O Genius, said I, interrupting him, the sight of a mortal reaches not to objects at such a distance. He touched my eyes, and immediately they became piercing as those of an eagle; nevertheless the rivers still appeared like waving lines, the mountains winding furrows, and the cities little compartments like the squares of a chess-board.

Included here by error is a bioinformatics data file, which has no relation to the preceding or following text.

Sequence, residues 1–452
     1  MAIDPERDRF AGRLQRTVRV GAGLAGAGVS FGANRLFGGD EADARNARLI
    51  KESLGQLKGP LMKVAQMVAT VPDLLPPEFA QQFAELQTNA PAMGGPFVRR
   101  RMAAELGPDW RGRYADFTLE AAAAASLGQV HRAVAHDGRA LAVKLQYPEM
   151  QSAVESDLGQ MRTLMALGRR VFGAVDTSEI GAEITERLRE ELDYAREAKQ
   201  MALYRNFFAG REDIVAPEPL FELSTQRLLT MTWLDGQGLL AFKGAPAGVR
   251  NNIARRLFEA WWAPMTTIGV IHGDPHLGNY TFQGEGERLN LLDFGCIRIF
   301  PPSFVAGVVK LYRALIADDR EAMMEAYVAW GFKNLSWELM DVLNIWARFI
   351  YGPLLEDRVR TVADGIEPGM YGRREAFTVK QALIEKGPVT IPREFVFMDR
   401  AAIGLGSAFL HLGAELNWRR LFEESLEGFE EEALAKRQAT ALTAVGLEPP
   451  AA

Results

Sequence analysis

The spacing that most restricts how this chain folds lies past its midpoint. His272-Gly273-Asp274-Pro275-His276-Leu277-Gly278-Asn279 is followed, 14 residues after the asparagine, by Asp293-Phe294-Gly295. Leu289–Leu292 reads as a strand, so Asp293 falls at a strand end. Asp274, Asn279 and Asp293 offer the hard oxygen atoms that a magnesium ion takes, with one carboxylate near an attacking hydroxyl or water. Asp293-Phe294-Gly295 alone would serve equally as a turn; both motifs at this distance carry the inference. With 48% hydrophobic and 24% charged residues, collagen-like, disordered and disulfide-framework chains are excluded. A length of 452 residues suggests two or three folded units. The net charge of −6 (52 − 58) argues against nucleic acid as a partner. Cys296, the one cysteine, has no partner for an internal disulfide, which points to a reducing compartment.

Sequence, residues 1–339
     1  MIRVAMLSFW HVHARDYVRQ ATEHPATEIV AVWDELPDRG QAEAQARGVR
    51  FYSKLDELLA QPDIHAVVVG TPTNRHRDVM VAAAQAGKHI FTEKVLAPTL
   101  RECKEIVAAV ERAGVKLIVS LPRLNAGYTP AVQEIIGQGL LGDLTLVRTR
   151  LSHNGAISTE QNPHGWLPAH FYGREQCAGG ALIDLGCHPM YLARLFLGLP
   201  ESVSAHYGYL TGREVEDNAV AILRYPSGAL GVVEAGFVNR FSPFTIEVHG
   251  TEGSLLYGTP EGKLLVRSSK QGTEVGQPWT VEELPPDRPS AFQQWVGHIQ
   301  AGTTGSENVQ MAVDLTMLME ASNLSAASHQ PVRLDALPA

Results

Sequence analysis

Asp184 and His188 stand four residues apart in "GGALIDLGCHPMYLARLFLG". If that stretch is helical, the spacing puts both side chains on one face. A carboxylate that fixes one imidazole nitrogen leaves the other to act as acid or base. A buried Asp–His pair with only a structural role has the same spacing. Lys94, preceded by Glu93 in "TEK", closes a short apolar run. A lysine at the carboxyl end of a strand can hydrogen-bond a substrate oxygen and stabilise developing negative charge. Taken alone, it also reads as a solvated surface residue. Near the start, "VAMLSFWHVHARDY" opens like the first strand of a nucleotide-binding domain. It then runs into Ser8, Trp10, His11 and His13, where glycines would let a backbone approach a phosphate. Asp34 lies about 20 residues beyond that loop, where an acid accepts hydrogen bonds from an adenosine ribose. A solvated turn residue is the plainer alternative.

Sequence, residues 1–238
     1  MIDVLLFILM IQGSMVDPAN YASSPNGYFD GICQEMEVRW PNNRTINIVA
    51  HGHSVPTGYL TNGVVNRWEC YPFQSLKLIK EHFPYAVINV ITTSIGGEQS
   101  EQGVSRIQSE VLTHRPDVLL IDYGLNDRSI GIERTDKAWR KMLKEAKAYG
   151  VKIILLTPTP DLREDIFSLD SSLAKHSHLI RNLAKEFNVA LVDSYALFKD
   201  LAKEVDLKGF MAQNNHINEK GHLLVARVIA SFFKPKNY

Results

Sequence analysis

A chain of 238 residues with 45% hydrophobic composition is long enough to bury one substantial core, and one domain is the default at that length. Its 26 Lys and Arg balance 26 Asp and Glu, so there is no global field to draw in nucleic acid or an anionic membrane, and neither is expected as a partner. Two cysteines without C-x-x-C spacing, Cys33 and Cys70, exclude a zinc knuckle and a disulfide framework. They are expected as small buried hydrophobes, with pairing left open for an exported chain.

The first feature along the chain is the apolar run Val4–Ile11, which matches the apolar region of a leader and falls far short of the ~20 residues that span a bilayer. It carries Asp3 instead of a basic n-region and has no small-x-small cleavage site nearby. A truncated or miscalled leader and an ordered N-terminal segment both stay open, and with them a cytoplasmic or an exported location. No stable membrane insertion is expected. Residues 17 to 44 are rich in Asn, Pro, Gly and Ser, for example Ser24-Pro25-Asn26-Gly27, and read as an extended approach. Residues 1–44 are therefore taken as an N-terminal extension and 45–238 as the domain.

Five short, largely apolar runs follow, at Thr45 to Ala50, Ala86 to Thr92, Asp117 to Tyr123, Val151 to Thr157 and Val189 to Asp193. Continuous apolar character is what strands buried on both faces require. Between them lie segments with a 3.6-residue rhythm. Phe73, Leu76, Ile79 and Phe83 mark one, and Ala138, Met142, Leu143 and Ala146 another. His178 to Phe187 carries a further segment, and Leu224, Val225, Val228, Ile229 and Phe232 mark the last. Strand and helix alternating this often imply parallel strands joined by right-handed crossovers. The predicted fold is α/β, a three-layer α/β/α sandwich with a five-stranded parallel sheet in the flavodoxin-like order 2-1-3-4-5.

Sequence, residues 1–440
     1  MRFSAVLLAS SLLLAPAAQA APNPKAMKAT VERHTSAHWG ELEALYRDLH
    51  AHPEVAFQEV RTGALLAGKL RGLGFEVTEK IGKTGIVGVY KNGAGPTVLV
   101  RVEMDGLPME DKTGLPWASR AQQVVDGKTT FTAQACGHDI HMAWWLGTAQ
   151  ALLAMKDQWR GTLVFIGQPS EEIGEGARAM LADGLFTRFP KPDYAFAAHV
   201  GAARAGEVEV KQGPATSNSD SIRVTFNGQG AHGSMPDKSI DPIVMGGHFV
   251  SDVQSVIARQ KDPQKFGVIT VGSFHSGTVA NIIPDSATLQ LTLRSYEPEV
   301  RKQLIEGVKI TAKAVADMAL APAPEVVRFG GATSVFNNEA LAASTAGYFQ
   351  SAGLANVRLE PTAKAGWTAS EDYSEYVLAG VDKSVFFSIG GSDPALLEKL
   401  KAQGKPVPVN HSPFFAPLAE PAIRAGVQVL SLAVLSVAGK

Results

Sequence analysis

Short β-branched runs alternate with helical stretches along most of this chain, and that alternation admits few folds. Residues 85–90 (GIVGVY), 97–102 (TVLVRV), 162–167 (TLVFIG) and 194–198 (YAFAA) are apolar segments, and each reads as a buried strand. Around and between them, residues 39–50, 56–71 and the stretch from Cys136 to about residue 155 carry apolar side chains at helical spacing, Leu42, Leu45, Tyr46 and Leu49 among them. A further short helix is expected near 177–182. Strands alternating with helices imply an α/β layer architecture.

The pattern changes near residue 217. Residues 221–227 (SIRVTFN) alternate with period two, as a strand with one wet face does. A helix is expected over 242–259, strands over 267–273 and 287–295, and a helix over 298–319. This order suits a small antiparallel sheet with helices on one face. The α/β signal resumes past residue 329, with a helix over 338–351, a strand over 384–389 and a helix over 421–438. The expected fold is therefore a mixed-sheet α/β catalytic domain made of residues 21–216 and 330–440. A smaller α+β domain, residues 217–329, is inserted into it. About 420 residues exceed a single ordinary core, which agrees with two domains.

And the Genius proceeded to enumerate and point out the objects to me: Those piles of ruins, said he, which you see in that narrow valley watered by the Nile, are the remains of opulent cities, the pride of the ancient kingdom of Ethiopia.* Behold the wrecks of her metropolis, of Thebes with her hundred palaces,** the parent of cities, and monument of the caprice of destiny. There a people, now forgotten, discovered, while others were yet barbarians, the elements of the arts and sciences. A race of men now rejected from society for their sable skin and frizzled hair, founded on the study of the laws of nature, those civil and religious systems which still govern the universe. Lower down, those dusky points are the pyramids whose masses have astonished you. Beyond that, the coast, hemmed in between the sea and a narrow ridge of mountains, was the habitation of the Phoenicians. These were the famous cities of Tyre, of Sidon, of Ascalon, of Gaza, and of Berytus. That thread of water with no outlet, is the river Jordan; and those naked rocks were once the theatre of events that have resounded throughout the world. Behold that desert of Horeb, and that Mount Sinai; where, by means beyond vulgar reach, a genius, profound and bold, established institutions which have weighed on the whole human race. On that dry shore which borders it, you perceive no longer any trace of splendor; yet there was an emporium of riches. There were those famous Ports of Idumea, whence the fleets of Phoenicia and Judea, coasting the Arabian peninsula, went into the Persian gulf, to seek there the pearls of Hevila, the gold of Saba and of Ophir. Yes, there on that coast of Oman and of Barhain was the seat of that commerce of luxuries, which, by its movements and revolutions, fixed the destinies of ancient nations.*** Thither came the spices and precious stones of Ceylon, the shawls of Cassimere, the diamonds of Golconda, the amber of Maldivia, the musk of Thibet, the aloes of Cochin, the apes and peacocks of the continent of India, the incense of Hadramaut, the myrrh, the silver, the gold dust and ivory of Africa; thence passing, sometimes by the Red Sea on the vessels of Egypt and Syria, these luxuries nourished successively the wealth of Thebes, of Sidon, of Memphis and of Jerusalem; sometimes, ascending the Tygris and Euphrates, they awakened the activity of the Assyrians, Medes, Chaldeans, and Persians; and that wealth, according to the use or abuse of it, raised or reversed by turns their domination. Hence sprung the magnificence of Persepolis, whose columns you still perceive; of Ecbatana, whose sevenfold wall is destroyed; of Babylon,**** now leveled with the earth; of Nineveh, of which scarce the name remains; of Thapsacus, of Anatho, of Gerra, and of desolated Palmyra. O names for ever glorious! fields of renown! countries of never-dying memory! what sublime lessons doth your aspect offer! what profound truths are written on the surface of your soil! remembrances of times past, return into my mind! places, witnesses of the life of man in so many different ages, retrace for me the revolutions of his fortune! say, what were their springs and secret causes! say, from what sources he derived success and disgrace! unveil to himself the causes of his evils! correct him by the spectacle of his errors! teach him the wisdom which belongeth to him, and let the experience of past ages become a means of instruction, and a germ of happiness to present and future generations.